TT: Getting published is hard, no matter the genre. The most important thing to writers starting out is to write what they want to write, and write it the best they possibly can. The thing with trends is they come and go quicker than most of us can write: you could aim at filling a perceived gap, and then find either it was one no publisher wants to fill, or by the time you finish writing your novel that someone else already filled it. So don’t try to second guess publishing trends. Write the best book you can, the one that you are most passionate about. Then cross your fingers.

In SLATED, you strike a fine balance between world building and moving the story forward. How did you manage to avoid infodumps?

TT: Infodumps can be a big problem when you are creating a new world. Having said that, because my main character, Kyla, has had her memory wiped, much of what the reader needs to learn about the world is learned as the character does, through her eyes. It is more difficult trying to introduce a world that a character is familiar with – you need a reason for them to notice things. When everything is new this isn’t the same problem.

NG: The much-anticipated sequel, FRACTURED, shows Kyla in a different light. As she slowly restores her memories of the past, she has to reconcile who she used to be with who she’s become. How did you handle her characterization in the second book?

TT: Out of the entire trilogy, I found FRACTURED the most challenging to write. It went through far more rewrites than either of the other two, and most of the rewriting related to exactly that. After the fact it was obvious that the reason I was struggling was because I hadn’t worked out exactly how Kyla was going to be after some of her memories returned: was she going to be the person she was before, some hybrid between her different selves, or switch back and forth? As I wrote and rewrote and rewrote it, these issues worked themselves out. I’m really happy with the end result, and I don’t think I could have got there any other way. Sometimes there are no shortcuts: I had to go through this process to get to the answer.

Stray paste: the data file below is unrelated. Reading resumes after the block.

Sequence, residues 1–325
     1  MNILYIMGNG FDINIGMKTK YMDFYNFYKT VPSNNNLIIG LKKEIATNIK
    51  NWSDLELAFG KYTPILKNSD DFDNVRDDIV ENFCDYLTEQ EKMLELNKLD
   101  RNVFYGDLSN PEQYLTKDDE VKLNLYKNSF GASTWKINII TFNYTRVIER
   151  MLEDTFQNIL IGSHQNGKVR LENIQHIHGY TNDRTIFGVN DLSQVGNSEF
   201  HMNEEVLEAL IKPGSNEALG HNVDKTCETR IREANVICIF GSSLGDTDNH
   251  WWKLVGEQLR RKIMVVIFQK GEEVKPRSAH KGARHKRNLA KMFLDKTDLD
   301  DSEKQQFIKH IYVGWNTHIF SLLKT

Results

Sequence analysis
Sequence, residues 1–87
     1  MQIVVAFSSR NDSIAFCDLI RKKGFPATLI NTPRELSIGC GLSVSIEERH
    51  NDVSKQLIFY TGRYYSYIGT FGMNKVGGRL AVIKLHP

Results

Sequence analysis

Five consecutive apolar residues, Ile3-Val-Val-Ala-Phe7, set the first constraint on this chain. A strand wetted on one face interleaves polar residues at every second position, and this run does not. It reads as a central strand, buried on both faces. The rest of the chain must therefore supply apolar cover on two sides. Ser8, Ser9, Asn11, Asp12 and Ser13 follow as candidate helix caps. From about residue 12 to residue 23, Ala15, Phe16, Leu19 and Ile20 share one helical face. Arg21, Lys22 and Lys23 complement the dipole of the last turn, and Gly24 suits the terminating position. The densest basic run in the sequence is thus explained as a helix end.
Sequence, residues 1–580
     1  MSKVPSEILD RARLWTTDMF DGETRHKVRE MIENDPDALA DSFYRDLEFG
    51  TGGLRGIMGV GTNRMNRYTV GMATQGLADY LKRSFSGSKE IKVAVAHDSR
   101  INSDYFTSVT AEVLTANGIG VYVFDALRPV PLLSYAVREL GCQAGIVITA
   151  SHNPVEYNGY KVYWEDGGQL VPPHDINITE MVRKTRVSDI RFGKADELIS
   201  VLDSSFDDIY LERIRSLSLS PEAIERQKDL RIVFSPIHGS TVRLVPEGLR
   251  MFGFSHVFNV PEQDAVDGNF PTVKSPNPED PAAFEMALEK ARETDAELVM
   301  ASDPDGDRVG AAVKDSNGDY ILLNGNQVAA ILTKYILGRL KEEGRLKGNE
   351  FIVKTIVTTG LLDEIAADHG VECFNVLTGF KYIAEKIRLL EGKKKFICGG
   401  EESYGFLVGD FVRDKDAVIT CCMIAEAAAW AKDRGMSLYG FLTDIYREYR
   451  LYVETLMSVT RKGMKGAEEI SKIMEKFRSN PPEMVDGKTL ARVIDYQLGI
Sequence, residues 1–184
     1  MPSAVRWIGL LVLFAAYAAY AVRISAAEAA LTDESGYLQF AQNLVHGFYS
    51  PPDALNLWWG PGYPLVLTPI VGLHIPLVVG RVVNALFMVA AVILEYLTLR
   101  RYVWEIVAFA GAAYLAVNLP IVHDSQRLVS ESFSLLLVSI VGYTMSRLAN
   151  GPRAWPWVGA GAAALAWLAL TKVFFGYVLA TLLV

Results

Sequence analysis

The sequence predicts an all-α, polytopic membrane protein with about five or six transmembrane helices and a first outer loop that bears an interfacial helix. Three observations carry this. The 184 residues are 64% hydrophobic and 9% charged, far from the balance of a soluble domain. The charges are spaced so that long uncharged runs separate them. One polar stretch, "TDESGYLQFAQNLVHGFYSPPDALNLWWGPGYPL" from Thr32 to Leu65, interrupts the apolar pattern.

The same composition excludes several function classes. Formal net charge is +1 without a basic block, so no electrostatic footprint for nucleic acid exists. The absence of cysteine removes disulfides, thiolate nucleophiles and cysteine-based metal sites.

NG: I’m glad you did–FRACTURED is wonderful. May I add that I would have loved to add a question about what’s going to happen to Kyla’s love interest in the series, Ben, but I guess that wouldn’t be fair, would it?

TT: You’ll have to wait and see! In the US, Fractured came out 26th September and Shattered on 1st May 2014! But I can assure you that Ben will be back.


About Teri Terry:

teriterryTeri Terry has lived in France, Canada, Australia and England at more addresses than she can count, acquiring four degrees, a selection of passports and a silly name along the way. Moving constantly as a child, teenager and also as an adult has kept Teri on the outside looking in much of her life. It has given her an obsession with characters like Kyla in SLATED, who don’t belong or find themselves in unfamiliar places. 

Teri recently left her job with Buck’s libraries in England to write full-time and complete her research MA on the depiction of terrorism in recent young adult dystopian literature. In the UK Slated won the North East Teenage Book Award, the Leeds Book Award, the Angus book award, the Portsmouth Book Award, the Rotherham book award and the Rib Valley Book Award, and is shortlisted for many others. It was the most voted for YA title in the 2012 international Edinburgh Book Festival Anobii First Book Award. In the US it is a Junior Library Guild selection. Visit her at teriterry.com and follow her on Twitter @TeriTerryWrites.